What is the best DSLR camera for this purpose within my budget?

Andrixo

Estimable
Nov 13, 2014
14
0
4,560
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I am looking to spend £1000 on a camera, I want to use it for video recording but mainly for photos, landscape photos and a lot of macro photography. The problem is that I am unsure of whether to get crop or full frame, is full frame worth it? I am generally looking and Nikon and Canon cameras. Detail and picture quality is probably the most important aspect.
 

bjornl

Estimable
Mar 16, 2016
399
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3,060
156

Given your budget you are going to have to choose one thing to focus on at the beginning.
The Macro lens will be slightly cheaper on a Nikon if you are willing to get an older lens. There are plenty of older 50 and 55mm macro lenses which can be had for cheap. On the lower end bodies these will be manual focus, but macro is almost always manual focus so that is normal.
For a wide angle the best low cost one is the Sigma 10-20 f/4.5-5.6. It is available on both Nikon and Canon.

Full-frame is worth it, but that is sort of like asking is a BMW worth it. Of course it is, but it's still very expensive.
The cheapest full-frame camera is typically the Nikon d600. It had an issue with oil spots when it first came out. This was fixed on all of them for free but the model was tarnished so Nikon quickly came out with the very similar d610. Leaving the d600 unwanted despite being nearly identical. I am not suggesting full-frame given your budget, but if you do decide to look at it, begin by looking at the cheap one.

Detail and such on both of them is good. In general Canon has lagged behind in the sensors technology, and this is more obvious on the aps-c cameras. Don't rush to judgement. Look at the raw capabilities on Dxomark.com and then look at the reviews and sample images on dpreview.com Both of those are the defacto standard bearers in digital photography.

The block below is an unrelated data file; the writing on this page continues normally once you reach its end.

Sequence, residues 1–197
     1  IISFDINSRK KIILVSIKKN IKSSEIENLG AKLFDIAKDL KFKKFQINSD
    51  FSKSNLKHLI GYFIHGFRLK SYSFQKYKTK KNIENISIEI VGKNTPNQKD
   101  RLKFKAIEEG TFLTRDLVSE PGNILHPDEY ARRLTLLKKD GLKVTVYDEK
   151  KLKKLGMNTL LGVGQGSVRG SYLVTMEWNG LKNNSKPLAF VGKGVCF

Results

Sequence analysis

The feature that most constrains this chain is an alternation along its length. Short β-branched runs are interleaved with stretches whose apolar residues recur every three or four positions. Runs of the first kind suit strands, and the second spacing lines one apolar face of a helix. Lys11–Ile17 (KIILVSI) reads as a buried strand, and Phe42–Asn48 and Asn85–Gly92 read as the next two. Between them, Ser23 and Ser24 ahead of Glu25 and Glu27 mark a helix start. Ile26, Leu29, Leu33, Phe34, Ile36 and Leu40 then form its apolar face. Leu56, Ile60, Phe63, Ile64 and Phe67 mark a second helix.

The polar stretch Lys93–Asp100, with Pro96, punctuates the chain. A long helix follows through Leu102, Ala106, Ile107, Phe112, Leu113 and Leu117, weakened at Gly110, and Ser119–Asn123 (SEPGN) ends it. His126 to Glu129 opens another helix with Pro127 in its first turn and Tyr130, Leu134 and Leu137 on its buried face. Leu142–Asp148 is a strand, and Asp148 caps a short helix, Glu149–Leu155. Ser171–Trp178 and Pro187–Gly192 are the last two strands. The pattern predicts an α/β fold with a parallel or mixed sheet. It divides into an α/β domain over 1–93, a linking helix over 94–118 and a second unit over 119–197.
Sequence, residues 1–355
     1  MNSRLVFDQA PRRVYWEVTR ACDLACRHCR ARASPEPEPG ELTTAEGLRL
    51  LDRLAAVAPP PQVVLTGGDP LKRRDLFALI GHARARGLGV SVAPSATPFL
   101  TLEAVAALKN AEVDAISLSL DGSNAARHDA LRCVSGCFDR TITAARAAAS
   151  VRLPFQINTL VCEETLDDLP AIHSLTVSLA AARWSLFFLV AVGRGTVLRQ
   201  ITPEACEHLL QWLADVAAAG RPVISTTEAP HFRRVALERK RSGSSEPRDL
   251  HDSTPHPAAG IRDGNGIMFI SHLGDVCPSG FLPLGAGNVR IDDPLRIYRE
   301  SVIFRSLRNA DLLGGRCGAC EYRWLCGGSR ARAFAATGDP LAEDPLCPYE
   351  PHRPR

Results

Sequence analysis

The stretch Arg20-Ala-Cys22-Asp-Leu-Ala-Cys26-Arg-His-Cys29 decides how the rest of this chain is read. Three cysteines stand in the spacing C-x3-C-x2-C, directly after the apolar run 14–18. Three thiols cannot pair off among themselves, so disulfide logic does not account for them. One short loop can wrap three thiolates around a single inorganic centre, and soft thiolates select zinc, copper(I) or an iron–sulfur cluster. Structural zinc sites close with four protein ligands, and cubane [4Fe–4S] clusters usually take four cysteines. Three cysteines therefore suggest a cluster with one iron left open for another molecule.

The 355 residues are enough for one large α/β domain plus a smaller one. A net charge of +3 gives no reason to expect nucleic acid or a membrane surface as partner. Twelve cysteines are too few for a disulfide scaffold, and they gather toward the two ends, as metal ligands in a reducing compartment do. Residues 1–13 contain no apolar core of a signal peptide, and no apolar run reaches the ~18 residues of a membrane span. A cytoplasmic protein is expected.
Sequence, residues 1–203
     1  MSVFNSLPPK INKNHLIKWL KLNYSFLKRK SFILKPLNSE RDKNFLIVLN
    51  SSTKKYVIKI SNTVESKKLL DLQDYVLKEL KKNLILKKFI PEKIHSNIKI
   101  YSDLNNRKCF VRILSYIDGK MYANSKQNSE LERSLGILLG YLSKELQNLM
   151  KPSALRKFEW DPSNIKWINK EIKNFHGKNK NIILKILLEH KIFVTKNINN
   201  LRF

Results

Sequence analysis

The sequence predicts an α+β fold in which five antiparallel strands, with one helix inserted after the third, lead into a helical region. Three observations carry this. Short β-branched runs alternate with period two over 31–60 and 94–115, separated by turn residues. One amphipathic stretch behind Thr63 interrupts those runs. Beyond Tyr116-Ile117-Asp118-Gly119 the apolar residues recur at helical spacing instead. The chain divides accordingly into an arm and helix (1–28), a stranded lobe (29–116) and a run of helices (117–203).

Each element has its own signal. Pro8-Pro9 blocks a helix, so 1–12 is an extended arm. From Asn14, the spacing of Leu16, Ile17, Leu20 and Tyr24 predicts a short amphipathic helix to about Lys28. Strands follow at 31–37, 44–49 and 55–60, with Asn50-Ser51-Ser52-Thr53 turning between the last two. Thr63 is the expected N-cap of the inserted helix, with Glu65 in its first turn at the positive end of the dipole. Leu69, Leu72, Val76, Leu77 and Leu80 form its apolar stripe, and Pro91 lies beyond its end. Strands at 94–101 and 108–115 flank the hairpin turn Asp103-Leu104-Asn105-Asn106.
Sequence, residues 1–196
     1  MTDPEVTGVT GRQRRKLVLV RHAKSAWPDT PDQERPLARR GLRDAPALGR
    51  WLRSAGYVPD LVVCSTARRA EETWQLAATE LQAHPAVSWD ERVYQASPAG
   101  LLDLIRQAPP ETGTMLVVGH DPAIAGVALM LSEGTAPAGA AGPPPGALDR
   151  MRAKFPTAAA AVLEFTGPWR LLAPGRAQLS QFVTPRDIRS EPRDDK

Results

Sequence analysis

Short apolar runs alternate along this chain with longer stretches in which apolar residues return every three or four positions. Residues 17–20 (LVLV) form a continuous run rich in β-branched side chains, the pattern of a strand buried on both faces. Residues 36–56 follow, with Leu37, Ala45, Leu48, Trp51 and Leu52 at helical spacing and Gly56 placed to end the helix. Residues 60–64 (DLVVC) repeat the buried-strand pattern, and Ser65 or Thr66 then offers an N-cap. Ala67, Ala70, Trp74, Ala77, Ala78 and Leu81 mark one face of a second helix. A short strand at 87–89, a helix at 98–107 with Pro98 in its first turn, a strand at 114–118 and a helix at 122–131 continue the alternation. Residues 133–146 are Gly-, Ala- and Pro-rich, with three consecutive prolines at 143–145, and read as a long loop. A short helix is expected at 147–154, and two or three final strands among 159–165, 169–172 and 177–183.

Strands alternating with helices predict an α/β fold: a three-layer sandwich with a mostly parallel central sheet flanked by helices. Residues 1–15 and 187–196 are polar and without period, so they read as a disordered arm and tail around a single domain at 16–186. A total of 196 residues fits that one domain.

For Macro you must also budget a tripod, ideally a flexible one which can be used at all sorts of angles.
Here is an older photo from a few years ago.
https://s3.amazonaws.com/masters.galleries.dpreview.com/1880360.jpg?AWSAccessKeyId=AKIAIWXD4UV3FXMIDQLQ&Expires=1460450490&Signature=XwiLiRdnruMhSRx8HTZWyj96KPw%3D

In it you can see the lowest cost macro tripod I have found. It is a Benro and I got it from B&H in NY. I recall it costing less than $150. It is comparable in build to my much costlier Manfrotto.

Be careful of internet advice on expensive purchases. They are worth exactly what you paid for them. Most have only used 1 brand and can't conceive of why anyone would want to use anything different. A great many want you to validate their purchase by buying the same.

 

zechstiver

Estimable
Nov 9, 2014
4
0
4,520
2
I would definitely look for a Nikon camera one of the best brands for DSLR cameras. The full frame part is i think a better choice because you can get more of the landscape in a shot and it is way better quality than cropped.
 

basroil

Honorable


As soon as you throw in macro you throw out SLRs in your price range. Even the cheapest macro lens will be half your budget! And also forget full frame because you need at least twice that budget to even buy a body alone!

Ignore the above post because he clearly doesn't know what he's talking about. Instead, first consider if your friends have SLRs and are willing to lend you lenses. If they are, match their camera brand. If not, you will need to ignore macro for now (there are some options for ~300 available for both mounts, but that will require you to drop body quality) and consider what you will purchase in the long run. Canon tends to make better wide angle lenses (some really good nikon ones too mind you, just in general), while nikon has more cameras without an AA filter (good for landscapes, again, canon also has them, just fewer). 10 years ago I would have said never to consider nikon, but today both are great choices. Check out the Canon 760D and Nikon D5500, go to a store and hold them. Buy the one that's more comfortable in your hands after 10min (10min playing with one, 10min playing with the other). Then start saving up for eventual lens purchases!
 

Andrixo

Estimable
Nov 13, 2014
14